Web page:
Author(s): Reeves MB, MacAry PA, Lehner PJ, Sissons JG, Sinclair JH
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Abstract Human cytomegalovirus (HCMV) persists as a subclinical, lifelong infection in the normal human host, but reactivation from latency in immunocompromised subjects results in serious disease. Latency and reactivation are defining characteristics of the herpesviruses and are key to understanding their biology; however, the precise cellular sites in which HCMV is carried and the mechanisms regulating its latency and reactivation during natural infection remain poorly understood. Here we present evidence, based entirely on direct analysis of material isolated from healthy virus carriers, to show that myeloid dendritic cell (DC) progenitors are sites of HCMV latency and that their ex vivo differentiation to a mature DC phenotype is linked with reactivation of infectious virus resulting from differentiation-dependent chromatin remodeling of the viral major immediate-early promoter. Thus, myeloid DC progenitors are a site of HCMV latency during natural persistence, and there is a critical linkage between their differentiation to DC and transcriptional reactivation of latent virus, which is likely to play an important role in the pathogenesis of HCMV infection.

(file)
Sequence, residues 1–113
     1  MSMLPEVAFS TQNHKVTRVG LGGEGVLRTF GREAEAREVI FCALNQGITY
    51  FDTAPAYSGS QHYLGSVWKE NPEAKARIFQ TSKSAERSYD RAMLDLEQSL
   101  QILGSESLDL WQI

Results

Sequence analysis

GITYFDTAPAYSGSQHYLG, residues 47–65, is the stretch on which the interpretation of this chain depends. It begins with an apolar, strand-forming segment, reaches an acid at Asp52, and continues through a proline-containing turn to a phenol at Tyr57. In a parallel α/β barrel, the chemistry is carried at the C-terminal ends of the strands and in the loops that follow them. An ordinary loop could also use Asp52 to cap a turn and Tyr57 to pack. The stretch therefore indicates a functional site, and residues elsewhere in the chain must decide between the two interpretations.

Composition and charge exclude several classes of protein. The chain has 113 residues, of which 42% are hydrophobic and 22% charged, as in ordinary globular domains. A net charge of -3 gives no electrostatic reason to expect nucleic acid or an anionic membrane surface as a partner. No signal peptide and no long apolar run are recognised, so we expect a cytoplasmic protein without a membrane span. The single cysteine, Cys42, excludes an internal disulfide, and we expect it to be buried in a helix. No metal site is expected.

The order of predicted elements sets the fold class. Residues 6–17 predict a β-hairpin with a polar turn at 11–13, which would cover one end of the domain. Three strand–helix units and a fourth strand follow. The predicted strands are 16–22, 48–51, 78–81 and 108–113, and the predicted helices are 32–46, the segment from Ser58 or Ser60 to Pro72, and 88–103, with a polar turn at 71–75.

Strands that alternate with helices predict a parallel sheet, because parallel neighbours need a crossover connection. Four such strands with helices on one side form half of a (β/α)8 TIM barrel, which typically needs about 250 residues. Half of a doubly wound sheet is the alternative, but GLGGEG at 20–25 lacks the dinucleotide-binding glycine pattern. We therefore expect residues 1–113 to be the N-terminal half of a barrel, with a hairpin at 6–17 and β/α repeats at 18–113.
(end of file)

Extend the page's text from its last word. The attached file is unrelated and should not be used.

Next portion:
This article was published in Proc Natl Acad Sci U S A
and referenced in Journal of Carcinogenesis & Mutagenesis